While the Knights of Labor had a reactionary leadership, many weird ideas of class conciliation, and electoral illusions, the split of the AFL from the Knights of Labor eventually turned out to be not to the left, but the right. Although there was a left in the AFL unions that sought to oppose some of the reformism of the Knights of Labor leaders, the right wing in the AFL quickly consolidated its leadership, and the AFL was organized on a strictly craft union, skilled worker basis. By the mid-1890's the AFL was renouncing any idea of socialism and international solidarity. The craft unions not only abandoned the unskilled, but they were downright hostile to the unskilled workers and openly opposed any efforts by anyone to organize them. In that particular historical period the majority of skilled workers were American-born workers and immigrant workers from Northern and Western Europe, while the unskilled workers were overwhelmingly immigrants from Southern and Eastern Europe, and American blacks and women. As late as 1930, 75 percent of the production workers in the U.S. were foreign-born. This particular division into upper and lower strata along national, racial and sexual lines remained in force through World War II. Thus, from an early period, racism, sexism and anti-immigrant hostility became part of the culture of the AFL unions. Unions forbade members to teach blacks or women the skills of the trade; they set initiation fees that no unskilled worker could pay; they demanded American citizenship and white skin for membership. They openly opposed any attempt by the left to organize the unskilled into unions as an attack on the position of the skilled worker. The AFL unions earned a world-wide reputation as the most corrupt, bourgeois in the world. Not only were they hostile to the interests of the class as a whole, but internally they ran on gangster principles that suppressed the rank and file, just as AFL construction trades unions do today.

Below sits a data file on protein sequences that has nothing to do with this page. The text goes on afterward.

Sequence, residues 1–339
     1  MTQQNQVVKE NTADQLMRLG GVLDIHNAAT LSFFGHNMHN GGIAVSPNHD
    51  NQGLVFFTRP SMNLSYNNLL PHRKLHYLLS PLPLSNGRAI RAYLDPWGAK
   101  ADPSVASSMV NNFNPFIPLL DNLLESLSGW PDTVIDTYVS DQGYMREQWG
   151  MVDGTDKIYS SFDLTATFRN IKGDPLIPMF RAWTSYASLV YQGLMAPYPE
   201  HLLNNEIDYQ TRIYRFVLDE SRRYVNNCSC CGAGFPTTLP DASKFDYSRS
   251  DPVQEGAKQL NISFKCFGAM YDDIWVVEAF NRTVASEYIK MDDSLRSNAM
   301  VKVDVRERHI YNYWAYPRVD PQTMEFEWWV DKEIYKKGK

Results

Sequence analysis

American capitalism was exceptionally vicious against any attempt of the workers to organize unions in its rapidly growing, large-scale, mass production industries. Strikes were suppressed with fire and sword. Small unions of the skilled workers might be tolerated in construction, in small shops, perhaps even in some big factories. But any attempt to organize the mass of unskilled was viciously attacked. Thus the separation of a large section of the skilled workers into narrow craft unions not only represented a historical tendency of workers to organize into crafts first, it was also the path of least resistance. In that sense it represented a certain deal with the bourgeoisie: we will abandon the lower masses to you if you will let us have our craft unions and a little better standard of living.

Of course not all skilled workers went along with this deal. A revolutionary section maintained a class rather than a sectional outlook. Many of the leaders of the Wobblies, of the left wing of the Socialist Party, and later of the Communist Party were skilled workers who rose above their sectional interests to adopt a revolutionary class perspective. The number of these workers was not insignificant. But the fact that the majority of skilled workers were content with, or at least tolerated the deal, held back the class struggle in the U.S. for decades.